Contra Costa Health Officials Call for Vaccinations to Curtail Rise in Whooping Cough
Tuesday, July 16, 2013
Public health officials in Contra Costa County are urging the public and healthcare providers to take precautions due to a rise in pertussis infection, a disease potentially dangerous to young children.
Pertussis, commonly called "whooping cough," is an upper-respiratory disease that typically causes violent coughing and difficulty breathing.
In recent months, Contra Costa County and other Bay Area counties have reported an increase in cases. So far this year, 38 cases of pertussis have been reported in Contra Costa County, eclipsing the 22 documented in all of 2012. There have been no reported deaths.
The disease is naturally cyclical, becoming more prevalent every two to five years, and 2013 could be a peak year. Several Bay Area counties have documented an increase in cases this year compared to 2012.
Anyone with contact with newborns and young children - particularly pregnant women, but also other family members and daycare providers - should receive the pertussis booster vaccine, Tdap, to help prevent illness and transmission of the disease.
"Infants are most vulnerable to severe pertussis disease, hospitalization, and death. To help protect newborns, it is now recommended that women receive a Tdap during each pregnancy," said Paul Leung, Immunization Coordinator for Contra Costa Health Services.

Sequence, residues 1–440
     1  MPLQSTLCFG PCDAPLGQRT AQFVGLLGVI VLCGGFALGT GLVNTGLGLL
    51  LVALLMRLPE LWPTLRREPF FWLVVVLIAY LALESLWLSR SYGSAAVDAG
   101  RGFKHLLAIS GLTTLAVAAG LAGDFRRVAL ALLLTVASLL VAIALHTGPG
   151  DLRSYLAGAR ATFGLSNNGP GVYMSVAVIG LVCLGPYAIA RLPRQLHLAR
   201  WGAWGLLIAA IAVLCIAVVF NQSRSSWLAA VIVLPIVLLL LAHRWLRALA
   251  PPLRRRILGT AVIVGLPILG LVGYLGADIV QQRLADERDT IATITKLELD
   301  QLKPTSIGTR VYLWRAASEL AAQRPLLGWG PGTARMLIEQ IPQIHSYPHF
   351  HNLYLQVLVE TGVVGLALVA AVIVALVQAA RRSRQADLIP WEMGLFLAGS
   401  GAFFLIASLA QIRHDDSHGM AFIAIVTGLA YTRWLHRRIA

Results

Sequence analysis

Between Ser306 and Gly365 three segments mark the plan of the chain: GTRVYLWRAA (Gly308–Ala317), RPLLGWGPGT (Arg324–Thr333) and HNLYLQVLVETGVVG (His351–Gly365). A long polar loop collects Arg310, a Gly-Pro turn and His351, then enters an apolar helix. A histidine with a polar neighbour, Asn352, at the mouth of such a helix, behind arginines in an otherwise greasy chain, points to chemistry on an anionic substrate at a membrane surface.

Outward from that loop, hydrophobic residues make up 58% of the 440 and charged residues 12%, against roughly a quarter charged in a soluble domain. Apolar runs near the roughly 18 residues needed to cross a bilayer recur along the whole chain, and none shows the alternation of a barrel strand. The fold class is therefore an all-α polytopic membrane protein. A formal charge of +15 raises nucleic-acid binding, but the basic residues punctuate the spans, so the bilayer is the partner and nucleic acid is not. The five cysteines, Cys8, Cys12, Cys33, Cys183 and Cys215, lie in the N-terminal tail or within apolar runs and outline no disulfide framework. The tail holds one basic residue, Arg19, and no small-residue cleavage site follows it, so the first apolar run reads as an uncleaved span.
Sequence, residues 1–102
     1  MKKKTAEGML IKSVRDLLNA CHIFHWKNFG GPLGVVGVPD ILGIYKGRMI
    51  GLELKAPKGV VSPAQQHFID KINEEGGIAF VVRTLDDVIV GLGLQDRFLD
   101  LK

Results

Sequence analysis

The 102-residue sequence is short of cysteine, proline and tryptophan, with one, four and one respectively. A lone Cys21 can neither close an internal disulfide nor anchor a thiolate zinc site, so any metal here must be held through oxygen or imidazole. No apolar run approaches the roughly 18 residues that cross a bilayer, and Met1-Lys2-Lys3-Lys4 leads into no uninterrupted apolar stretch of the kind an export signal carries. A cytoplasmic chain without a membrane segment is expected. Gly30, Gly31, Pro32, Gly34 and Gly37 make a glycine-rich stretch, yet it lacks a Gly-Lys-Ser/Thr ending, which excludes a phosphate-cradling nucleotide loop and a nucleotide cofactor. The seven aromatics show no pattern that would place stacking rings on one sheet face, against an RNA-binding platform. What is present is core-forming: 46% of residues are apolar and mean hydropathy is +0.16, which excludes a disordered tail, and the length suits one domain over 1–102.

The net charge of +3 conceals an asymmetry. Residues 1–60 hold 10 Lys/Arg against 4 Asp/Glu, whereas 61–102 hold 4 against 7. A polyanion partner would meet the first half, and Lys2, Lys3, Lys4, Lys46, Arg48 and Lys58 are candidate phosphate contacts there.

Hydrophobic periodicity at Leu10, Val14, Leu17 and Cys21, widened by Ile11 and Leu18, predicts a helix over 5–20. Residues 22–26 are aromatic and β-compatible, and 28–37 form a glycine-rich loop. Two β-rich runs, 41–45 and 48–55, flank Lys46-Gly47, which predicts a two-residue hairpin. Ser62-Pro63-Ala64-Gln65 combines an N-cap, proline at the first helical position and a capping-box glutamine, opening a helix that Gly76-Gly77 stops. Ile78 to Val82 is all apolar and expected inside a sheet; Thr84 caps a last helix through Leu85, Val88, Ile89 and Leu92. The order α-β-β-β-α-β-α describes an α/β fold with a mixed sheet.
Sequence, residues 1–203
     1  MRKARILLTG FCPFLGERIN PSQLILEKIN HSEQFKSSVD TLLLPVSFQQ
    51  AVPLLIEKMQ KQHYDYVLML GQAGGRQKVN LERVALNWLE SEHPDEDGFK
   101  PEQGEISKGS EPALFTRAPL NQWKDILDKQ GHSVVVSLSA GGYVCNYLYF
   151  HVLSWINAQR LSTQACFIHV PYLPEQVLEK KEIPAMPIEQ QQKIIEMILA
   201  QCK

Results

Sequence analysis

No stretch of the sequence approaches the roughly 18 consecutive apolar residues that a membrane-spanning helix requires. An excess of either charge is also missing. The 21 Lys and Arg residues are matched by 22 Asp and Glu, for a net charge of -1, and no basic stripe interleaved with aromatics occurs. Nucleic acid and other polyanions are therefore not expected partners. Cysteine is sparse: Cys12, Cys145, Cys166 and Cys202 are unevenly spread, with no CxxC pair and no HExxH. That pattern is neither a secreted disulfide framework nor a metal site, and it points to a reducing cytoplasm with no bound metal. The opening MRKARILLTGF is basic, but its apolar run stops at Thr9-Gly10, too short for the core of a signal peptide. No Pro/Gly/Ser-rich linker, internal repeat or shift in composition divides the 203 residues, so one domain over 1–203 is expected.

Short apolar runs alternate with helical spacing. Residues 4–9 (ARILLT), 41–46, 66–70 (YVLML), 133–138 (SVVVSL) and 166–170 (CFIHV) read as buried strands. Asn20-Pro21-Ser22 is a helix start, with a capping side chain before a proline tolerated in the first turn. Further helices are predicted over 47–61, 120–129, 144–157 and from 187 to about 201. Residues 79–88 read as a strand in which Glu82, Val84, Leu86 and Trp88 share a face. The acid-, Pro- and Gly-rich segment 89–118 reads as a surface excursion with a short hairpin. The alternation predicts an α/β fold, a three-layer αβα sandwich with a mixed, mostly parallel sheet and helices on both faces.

To help keep children healthy, doctors recommend a vaccine schedule for newborns and young children that includes the pertussis vaccine, and state public schools require 7th graders to receive a Tdap.
But many adults have not received the Tdap booster and are vulnerable to catching the disease, even if they received the recommended shots as young children.
Pertussis often goes undiagnosed in teens and adults because its symptoms can vary, and often resemble those of a cold. But sufferers can remain contagious for weeks unless treated with antibiotics, and can unknowingly pass the illness to more vulnerable members of the community.
The name "whooping cough" derives from a characteristic sound that young children with the disease sometimes make as they struggle to breathe. But parents or anyone else who suspects pertussis should not wait to hear the "whoop" to seek medical attention.
Health Services recommends that county residents contact their doctors if they have symptoms of pertussis or to determine whether they need a Tdap vaccination. For more information about the disease, or how to get vaccinated, visit cchealth.org/pertussis or call the Immunization Program at 925-313-6767.
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